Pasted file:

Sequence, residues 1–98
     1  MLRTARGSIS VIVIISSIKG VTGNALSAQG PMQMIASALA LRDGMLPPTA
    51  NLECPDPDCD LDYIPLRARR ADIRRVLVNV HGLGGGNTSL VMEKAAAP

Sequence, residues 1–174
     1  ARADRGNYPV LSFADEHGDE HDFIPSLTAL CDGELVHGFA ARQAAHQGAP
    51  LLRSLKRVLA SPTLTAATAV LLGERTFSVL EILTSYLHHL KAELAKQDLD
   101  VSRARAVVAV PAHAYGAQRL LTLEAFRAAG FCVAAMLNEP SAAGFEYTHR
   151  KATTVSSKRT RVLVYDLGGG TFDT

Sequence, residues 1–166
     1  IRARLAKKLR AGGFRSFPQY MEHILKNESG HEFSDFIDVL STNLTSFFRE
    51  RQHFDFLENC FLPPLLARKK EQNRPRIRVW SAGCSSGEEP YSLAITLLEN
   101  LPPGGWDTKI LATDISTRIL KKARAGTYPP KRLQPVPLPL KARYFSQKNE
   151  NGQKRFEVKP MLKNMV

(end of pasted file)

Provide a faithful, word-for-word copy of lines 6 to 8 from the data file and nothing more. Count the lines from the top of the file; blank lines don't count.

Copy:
    51  LLRSLKRVLA SPTLTAATAV LLGERTFSVL EILTSYLHHL KAELAKQDLD
   101  VSRARAVVAV PAHAYGAQRL LTLEAFRAAG FCVAAMLNEP SAAGFEYTHR
   151  KATTVSSKRT RVLVYDLGGG TFDT